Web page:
Let’s say you’ve decided to write about your personal experience, especially your abusive childhood.

The first problem you face is how open can you be? Will your writing hurt others? In my book When a Man You Love Was Abused, I mentioned my first perpetrator was a female relative. I didn’t name her because her children and grandchildren would probably read my book. Even though she was dead, I didn’t feel I had the right to expose her.

If you have to name living persons, what will you do? You do have the right to tell your story, and you can name names. The way to do it is to include disclaimers: “This is how I remember it” or “As I understood.” That way you are giving your opinion and not presenting information as absolute facts. That keeps you free from lawsuits.

Too many people advise writers to change names, but I try to avoid that method as much as possible. The more forthright you can be, the stronger your story.

Second, you need to ask yourself: How accurate are my memories? As much as possible, find ways to verify what you believe happened. In my case, my three older sisters verified parts of my story.

I insert that question because of what has been called the false-memory syndrome. It’s been verified that some therapists unconsciously ask about abuse and some clients are so open to suggestion, they feel they were sexually assaulted.

(Still more coming on personal experiences.)

Friday, April 8, 2016

Questions from Readers

I’m continuing the question about writing your personal experiences.

If you want to write a book about your life, start by asking yourself these simple questions:

1. Why do I want to write my personal experience?

2. Is it significant enough to help others or enrich their lives?

3. Do I have only one harrowing/painful account in my life and that’s it? In that case, an article is probably enough.

4. Is there a large enough audience to read my book? Your spouse has Alzheimer’s. You went through breast cancer. You recovered from a heart attack. A powerful, painful experience, but how many people would buy your book?

5. What angle will I take to make my book stand out and not be just another story about a painful childhood?

People who’ve read 90 Minutes in Heaven ask me to write their stories because “I had an experience just like/similar to Mr. Piper.” To that I ask two questions:

1. And then what happened? It has to be more than that singular event.

2. Why would anyone want to read your story? (That sounds more unkind than it’s intended.) But the answer is that unless you offer readers something to help them, they won’t read your book.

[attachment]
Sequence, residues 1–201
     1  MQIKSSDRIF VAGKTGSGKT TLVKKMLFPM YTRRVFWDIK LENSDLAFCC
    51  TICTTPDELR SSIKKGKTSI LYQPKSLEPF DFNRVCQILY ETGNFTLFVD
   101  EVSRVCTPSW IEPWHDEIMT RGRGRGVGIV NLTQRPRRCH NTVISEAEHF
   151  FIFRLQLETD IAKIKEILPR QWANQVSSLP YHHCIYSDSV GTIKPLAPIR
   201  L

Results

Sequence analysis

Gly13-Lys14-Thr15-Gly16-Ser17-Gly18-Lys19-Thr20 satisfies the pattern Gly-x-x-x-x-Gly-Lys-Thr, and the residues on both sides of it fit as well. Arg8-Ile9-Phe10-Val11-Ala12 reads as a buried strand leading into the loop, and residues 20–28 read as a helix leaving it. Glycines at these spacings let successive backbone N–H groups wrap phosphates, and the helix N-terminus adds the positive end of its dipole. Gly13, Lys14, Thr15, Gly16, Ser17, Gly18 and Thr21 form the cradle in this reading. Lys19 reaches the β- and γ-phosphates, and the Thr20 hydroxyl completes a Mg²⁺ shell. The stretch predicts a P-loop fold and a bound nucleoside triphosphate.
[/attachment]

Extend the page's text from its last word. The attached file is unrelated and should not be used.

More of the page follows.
(More coming on this topic.)

Tuesday, April 5, 2016

Questions from Readers

Shirley Dechaine and Stacy Curtis both asked about personal experiences.

In one sense, all writing is autobiographic. If you’re investing yourself in your writing, you unconsciously put yourself into it. We all do.

But should you write your life story?

At least once a week I receive queries from people who tell me they have a fascinating story, have lived an interesting life, or they’ve gone through so much trauma everyone tells them they need to write a book.

Remember that those who say “You ought to write a book” aren’t professionals in the field and may not be people who would buy your book. Take their words as a compliment that you have impressed them with what you’ve shared.

If you feel you want to write a personal experience book, I suggest you start with sample articles and try to market them. For example, I wanted to write about my childhood sexual abuse. To check out the market, I wrote two articles and sold both.

I also received enough feedback to tell me that I needed to write that book. It still took me six years to get a publisher to take a chance, but I didn’t stop believing in the need for such a book.

Read my following blogs about personal experiences.

Friday, April 1, 2016

Questions from Readers

Luann Prater asks, “What writing classes, seminars, or training courses do you recommend?”

That’s a good question, and I see no easy, simple answer. What kind of learner are you? If you’re visual (as I am), read as many books on the craft as you can and absorb their voice and writing style.

Read widely within your field and just as widely outside your field. I read at least as many novels as I do nonfiction books, and I continue to learn.

As you read or listen to digital recordings, ask silent questions. None of us speaks infallibly, so question anything that puzzles you.

Read writers blogs and subscribe to those whose work resonates with you. Just giving five minutes of attention to a blog can result in learning.

Consider podcasts and online courses, which are especially good for people who need deadlines.

Join a local writers group where they edit each other. You learn to edit other writers as part of your own education. (You may need to visit several groups before you find one that meets your needs.)

Certainly attend as many writers conferences as you can. Remind yourself that you’re always learning. In January of 2016, I was one of four faculty members on a writers cruise. Each of us taught a total of three hours during the eight-day trip. I attended every class where the others taught, even though I was the most experienced. And I picked up a few tips. I’m open to learn wherever I am.

If you attend conferences, get acquainted with other conferees. Pitch your ideas to editors and agents. You might also ask them for suggestions on how to improve.

In brief, figure out what works best for you and do more of it. I’m not an aural learner, and I have to put a great deal of effort in listening to writing instructions. So I focus on my way to get the strongest results.